The Administrative Court of Appeal held that the obligation to restore the site to its original state within three months of service of its judgment (failing which the authorities would do so of their own motion, with the costs and risks to be borne by the occupants) did not constitute a measure prohibited by Article 1 of Protocol No. 1 because the rule enshrined in that provision was that no one could be deprived of their possessions except in the public interest.
On 21 February 2000 the applicants lodged an appeal on points of law against the judgment of 8 December 1999. The Government Commissionner made the following submissions:
“... the value in today’s terms of the purchase price [of the] house is 655,530 euros .... However, the acquisition of rights in rem is not permitted under the Act of 25 July 1994 on Natural Public Property belonging to the State ... nor were these acquired before that Act was passed ... The appellants have not acquired any property right ... given the precarious situation of the buildings, the market value could not be established without taking account of that essential fact and it is to be hoped that the applicants were duly informed of the position when the purchase deeds were drawn up ...”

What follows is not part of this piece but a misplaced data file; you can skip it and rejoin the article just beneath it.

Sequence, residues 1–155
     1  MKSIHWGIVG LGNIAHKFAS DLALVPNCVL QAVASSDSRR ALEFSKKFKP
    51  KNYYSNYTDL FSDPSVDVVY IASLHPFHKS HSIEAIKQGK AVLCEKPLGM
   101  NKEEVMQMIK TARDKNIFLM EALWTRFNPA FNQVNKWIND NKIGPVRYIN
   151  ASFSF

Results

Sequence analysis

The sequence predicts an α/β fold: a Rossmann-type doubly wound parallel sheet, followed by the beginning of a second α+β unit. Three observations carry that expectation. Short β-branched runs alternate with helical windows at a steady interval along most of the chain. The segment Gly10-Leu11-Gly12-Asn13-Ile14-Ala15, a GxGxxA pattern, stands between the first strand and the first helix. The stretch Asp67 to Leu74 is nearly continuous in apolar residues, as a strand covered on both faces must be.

By a judgment delivered on 6 March 2002 the Conseil d’Etat dismissed an appeal lodged by the applicants. It held that they could not rely on any right in rem over the land in question or the buildings that had been erected on it and that the obligation to restore the land to its original state without prior compensation was therefore not a measure prohibited by Article 1 of Protocol No. 1. It also held that the applicants could not rely on the fact that the authorities had adopted a tolerant attitude regarding the occupancy of the property in support of their submission that they should be allowed to restore the site to the state it had been in at the time of acquisition of the house.
B. Relevant domestic law
1. Code of State Property
Article L. 28
“Subject to authorisation being issued by the competent authority, no one may occupy any national public property or make use thereof over and above the right of user vested in everyone.